African Petroleum owns 100 per cent of Liberia offshore Blocks LB--‐08 and LB--‐09.

Karl Thompson, African Petroleum’s CEO said: “Narina--‐1 has identified a potentially large accumulation of light good quality oil at the Turonian level, as well as excellent quality oil in the Albian. Additionally, the  well found thick reservoir sands in shallower zones and thick source rocks which together with the discoveries in the Turonian and Albian has transformed the prospectivity of Blocks LB--‐ 08 and LB--‐09, and the surrounding open acreage. African Petroleum has again drilled a very cost effective well, without incident and has established itself amongst the leading operators in deepwater exploration. The Company is focusing on sourcing rigs and we are planning an extensive exploration and appraisal programme in Liberia during 2012.”

Major Milestone

Although it could take as long as five years to start pumping black gold and managing public expectation, yet the discovery is a major milestone for the country that has seen little good economic news over the last three decades of conflict that saw hundreds of thousands of Liberians killed, with more than three quarters of the population internally or externally displaced.

African Petroleum is principally owned by Vasile Frank Timis, a Romanian émigré who left his own conflict torn country nearly three decades ago to find his fortunes in Australia. Now an Australian citizen with vast wealth mainly from mining and oil projects around the globe, he was recently named one of the richest people in the UK with a net worth of 600 million pounds, or nearly one billion dollars.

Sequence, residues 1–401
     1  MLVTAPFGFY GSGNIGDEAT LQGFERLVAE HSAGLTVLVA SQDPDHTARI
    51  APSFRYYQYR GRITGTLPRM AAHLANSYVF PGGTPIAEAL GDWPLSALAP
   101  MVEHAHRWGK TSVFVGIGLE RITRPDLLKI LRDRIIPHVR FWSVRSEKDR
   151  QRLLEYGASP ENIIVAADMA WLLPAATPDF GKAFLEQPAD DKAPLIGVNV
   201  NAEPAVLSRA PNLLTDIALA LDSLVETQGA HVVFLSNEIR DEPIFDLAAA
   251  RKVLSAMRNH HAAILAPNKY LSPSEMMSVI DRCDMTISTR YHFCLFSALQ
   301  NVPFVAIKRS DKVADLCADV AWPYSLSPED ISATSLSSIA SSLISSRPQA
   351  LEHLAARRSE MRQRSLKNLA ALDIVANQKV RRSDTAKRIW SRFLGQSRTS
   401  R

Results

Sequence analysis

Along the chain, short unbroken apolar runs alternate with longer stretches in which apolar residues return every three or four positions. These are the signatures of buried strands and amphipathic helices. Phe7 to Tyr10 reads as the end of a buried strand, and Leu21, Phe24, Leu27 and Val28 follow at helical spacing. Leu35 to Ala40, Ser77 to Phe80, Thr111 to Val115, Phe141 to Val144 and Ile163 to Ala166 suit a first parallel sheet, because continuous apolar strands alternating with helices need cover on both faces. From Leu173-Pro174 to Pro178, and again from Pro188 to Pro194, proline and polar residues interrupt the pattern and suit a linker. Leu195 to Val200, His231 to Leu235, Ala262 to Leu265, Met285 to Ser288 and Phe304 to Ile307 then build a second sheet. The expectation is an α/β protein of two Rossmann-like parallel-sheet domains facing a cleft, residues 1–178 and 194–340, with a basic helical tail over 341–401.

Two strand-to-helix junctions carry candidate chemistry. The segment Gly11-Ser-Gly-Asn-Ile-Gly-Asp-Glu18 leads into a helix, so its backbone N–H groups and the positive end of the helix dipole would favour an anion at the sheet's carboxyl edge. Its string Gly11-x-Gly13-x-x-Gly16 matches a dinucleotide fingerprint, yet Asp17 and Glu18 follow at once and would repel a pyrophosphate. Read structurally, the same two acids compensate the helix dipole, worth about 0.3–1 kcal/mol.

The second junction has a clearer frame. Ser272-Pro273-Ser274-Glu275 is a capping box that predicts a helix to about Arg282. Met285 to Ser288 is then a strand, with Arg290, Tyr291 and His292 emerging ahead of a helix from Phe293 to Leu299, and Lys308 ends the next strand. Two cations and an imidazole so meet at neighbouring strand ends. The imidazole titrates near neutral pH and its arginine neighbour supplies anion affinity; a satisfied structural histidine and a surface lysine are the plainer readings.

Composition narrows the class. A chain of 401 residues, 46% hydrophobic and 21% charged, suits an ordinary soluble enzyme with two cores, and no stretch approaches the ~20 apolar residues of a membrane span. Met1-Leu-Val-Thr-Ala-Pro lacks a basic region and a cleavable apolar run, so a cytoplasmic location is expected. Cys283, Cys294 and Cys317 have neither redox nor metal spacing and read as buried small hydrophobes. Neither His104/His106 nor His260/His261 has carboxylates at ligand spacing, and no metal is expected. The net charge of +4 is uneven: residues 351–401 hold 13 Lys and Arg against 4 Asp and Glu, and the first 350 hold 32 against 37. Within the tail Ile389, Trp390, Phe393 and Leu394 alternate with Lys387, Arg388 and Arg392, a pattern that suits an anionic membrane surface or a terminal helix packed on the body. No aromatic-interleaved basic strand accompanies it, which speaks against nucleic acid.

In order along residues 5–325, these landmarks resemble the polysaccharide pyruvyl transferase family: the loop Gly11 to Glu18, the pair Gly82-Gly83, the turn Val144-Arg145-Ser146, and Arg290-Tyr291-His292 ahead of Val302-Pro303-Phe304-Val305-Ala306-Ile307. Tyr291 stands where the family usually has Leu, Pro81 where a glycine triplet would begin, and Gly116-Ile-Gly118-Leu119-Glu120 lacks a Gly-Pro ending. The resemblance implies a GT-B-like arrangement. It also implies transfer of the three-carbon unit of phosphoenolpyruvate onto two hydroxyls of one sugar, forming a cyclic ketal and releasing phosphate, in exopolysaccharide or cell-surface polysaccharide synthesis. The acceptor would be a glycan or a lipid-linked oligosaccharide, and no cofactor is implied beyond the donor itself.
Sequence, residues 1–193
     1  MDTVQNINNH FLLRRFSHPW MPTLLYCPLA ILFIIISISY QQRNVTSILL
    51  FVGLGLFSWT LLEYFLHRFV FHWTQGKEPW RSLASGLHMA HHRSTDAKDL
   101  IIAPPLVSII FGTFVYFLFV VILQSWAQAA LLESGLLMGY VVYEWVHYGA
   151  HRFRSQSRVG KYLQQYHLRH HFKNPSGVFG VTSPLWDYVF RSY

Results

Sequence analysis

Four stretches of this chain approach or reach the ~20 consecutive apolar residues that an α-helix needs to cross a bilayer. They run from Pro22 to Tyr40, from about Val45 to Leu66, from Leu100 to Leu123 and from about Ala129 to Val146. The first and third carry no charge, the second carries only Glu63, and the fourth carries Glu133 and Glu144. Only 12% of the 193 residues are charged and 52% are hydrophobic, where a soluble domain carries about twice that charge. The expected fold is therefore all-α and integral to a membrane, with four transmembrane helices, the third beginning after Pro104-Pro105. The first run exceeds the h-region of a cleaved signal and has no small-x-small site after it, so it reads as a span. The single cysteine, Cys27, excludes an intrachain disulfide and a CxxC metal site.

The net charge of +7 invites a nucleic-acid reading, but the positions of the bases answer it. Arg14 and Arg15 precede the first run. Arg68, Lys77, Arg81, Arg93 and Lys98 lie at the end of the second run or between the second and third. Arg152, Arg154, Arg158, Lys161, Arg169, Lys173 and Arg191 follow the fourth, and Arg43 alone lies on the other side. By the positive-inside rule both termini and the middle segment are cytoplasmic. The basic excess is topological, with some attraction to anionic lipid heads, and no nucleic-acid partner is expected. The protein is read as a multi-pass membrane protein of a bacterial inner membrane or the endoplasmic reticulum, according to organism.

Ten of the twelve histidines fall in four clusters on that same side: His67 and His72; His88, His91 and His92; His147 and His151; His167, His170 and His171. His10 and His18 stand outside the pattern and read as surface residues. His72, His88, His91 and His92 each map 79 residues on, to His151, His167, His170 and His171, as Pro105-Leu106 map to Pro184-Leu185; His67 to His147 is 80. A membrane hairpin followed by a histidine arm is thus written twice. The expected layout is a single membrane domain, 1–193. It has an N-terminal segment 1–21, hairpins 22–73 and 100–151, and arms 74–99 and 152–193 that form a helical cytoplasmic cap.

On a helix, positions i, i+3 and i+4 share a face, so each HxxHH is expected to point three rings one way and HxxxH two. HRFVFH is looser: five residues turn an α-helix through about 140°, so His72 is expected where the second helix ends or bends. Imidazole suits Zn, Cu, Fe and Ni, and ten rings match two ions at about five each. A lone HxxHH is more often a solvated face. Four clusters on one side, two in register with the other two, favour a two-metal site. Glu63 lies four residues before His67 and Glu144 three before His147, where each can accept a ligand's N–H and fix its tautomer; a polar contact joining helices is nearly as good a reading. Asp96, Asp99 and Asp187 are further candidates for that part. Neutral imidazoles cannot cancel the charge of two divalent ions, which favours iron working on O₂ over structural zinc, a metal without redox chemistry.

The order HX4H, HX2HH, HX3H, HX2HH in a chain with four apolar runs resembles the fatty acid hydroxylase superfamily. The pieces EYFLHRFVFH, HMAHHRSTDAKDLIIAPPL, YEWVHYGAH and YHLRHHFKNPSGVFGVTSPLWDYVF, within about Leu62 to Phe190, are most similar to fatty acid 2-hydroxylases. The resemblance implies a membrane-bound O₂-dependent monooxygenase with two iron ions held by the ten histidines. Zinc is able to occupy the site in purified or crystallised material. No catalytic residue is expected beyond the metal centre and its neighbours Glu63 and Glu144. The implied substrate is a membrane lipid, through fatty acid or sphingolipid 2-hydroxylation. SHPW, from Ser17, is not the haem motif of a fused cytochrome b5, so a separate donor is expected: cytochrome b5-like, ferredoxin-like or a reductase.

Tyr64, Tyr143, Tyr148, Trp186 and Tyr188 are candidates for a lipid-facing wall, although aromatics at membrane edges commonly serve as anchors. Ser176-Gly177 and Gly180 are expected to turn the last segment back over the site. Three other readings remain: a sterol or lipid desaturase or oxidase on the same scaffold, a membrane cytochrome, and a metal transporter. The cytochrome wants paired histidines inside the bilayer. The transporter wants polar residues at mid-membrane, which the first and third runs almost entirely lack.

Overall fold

Timis started his own transport company in Australia, which owned only one truck driven by himself and in 1992, he became the CEO of Morwest Holdings Pty Ltd and the first of his business in the gold mining industry. Timis and two Australian miners dug for six months for gold in a region called Mosquito Creek. During this time he founded  three other companies: Riverdale Mining, Timis Corporation and Carpathian Investments, together with Ioana Timis and his sister, Ioana Majdik.  Frank Timis, despite many challenges in his life has made great strides in the mining in oil industries.  Currently, Timis is on the verge of exploiting Tonkollili, a potentially ten billion iron ore mine in Sierra Leone.

Avoiding Dutch Disease and Resource Curse